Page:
Depression led man to play park suicide tragedy

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A UNIVERSITY drop-out who had been suffering from depression hanged himself in a children’s play area after writing “please don’t resuscitate me” in ink on his arm.

The body of Christopher Thomson, 21, was found hanged by a dressing gown cord in Graves Park, Sheffield, and an inquest heard he had been viewing suicide websites.

Mr Thomson had sent a text message to his close friend Jennifer Kirkham just a few hours before he died, saying: “It’s the only way out I can think of.”

The Sheffield hearing was told he had lost contact with his family for a spell and was penniless and homeless, sleeping at the city’s Salvation Army hostel.

Just a week before his death he had been referred for psychiatric help after being sent to hospital by a walk-in centre doctor when he talked of killing himself.

Mental health nurse Victoria Spencer said: “He had a chronic low mood and had been looking at methods of suicide on the internet over the previous months.”

But despite his suicidal thoughts she believed he was not planning to kill himself. He was found a place at the hostel and was seen by Jean Murphy of the city’s mental health team.

She interviewed him and thought he had no intention of harming himself and he talked about his depression which he had suffered for a long time but was not taking any medication.

She told the inquest: “There was nothing to indicate he was at immediate risk although he had been having suicidal thoughts.”

Ms Murphy asked him to sign on with a GP who could get him treatment and give him anti-depressants.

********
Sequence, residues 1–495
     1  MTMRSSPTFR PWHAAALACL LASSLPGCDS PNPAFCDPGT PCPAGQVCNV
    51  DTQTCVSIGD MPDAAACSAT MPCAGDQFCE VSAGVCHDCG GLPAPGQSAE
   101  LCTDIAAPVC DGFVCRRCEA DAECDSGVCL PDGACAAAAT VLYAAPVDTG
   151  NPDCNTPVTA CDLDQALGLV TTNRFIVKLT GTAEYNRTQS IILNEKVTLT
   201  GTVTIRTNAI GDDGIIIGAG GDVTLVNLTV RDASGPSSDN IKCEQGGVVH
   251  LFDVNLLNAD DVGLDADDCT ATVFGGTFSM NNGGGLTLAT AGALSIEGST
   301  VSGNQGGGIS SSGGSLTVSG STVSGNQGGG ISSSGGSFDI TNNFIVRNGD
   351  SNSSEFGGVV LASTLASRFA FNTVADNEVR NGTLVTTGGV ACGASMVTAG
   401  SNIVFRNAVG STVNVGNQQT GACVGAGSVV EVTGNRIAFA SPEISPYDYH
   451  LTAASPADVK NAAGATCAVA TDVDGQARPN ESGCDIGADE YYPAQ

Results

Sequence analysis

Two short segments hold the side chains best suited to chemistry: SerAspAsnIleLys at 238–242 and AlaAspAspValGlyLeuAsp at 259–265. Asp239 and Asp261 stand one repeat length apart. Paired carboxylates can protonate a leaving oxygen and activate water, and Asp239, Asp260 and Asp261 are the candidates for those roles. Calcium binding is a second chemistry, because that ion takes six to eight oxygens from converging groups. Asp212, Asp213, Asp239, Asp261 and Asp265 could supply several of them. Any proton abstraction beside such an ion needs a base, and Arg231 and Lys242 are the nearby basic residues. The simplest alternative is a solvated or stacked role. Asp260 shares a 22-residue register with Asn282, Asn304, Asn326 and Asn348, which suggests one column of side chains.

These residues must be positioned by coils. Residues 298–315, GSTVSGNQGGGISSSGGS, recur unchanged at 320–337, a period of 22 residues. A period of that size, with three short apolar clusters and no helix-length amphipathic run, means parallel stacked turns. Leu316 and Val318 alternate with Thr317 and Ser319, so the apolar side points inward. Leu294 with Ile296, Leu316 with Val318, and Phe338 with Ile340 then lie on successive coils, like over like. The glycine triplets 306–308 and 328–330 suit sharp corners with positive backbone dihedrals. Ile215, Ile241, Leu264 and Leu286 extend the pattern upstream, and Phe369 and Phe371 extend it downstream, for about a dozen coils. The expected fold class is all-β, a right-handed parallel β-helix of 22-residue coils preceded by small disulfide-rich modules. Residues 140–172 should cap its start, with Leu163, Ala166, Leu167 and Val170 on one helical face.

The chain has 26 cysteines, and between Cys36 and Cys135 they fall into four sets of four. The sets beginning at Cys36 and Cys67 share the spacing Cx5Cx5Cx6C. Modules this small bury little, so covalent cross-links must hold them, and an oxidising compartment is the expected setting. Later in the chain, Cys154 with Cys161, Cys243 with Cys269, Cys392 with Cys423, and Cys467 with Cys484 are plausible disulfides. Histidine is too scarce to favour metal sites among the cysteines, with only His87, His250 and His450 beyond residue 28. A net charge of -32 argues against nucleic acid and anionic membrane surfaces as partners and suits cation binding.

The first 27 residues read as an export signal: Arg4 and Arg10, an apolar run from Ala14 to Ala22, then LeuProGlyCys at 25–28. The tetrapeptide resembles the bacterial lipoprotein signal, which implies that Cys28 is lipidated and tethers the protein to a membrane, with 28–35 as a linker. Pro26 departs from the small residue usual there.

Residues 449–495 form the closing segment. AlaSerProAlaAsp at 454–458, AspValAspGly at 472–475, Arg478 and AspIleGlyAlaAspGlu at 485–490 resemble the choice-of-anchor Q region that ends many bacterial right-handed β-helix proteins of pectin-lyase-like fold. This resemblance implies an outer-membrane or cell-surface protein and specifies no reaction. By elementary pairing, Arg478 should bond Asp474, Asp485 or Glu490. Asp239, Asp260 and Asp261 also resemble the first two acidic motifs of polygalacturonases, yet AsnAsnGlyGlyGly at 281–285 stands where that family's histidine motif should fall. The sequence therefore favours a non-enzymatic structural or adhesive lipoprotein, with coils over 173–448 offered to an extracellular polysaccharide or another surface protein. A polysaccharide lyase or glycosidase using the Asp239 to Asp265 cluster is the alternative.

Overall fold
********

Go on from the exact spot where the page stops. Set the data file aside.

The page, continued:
But just a few days later, after leaving Miss Kirkham and some friends who went on to a nightclub, former Sheffield University student Mr Thomson was found dead at the park.

Miss Kirkham said she got home in the early hours of July 20 last year to find Christopher’s diary shoved through her door and a piece of paper reading “I’m sorry.”

She had known him for three months and become a close friend. He had told her he once tried to kill himself when he was 15 and suffered from bi-polar disorder which led him to hear voices.

Miss Kirkham said the battery on her mobile had gone flat but when she recharged it, she found a series of texts from him on her phone.

One said: “I wanted to talk to you before the end” and another read: “Please don’t feel responsible, it’s my own fault.”

Other texts revealed where he was and she took a taxi to the park only to find his body, before calling the emergency services.

Assistant deputy coroner Louise Slater recorded a verdict of suicide. She told Christopher’s father Peter and his partner: “I am sorry for the loss of someone so young.”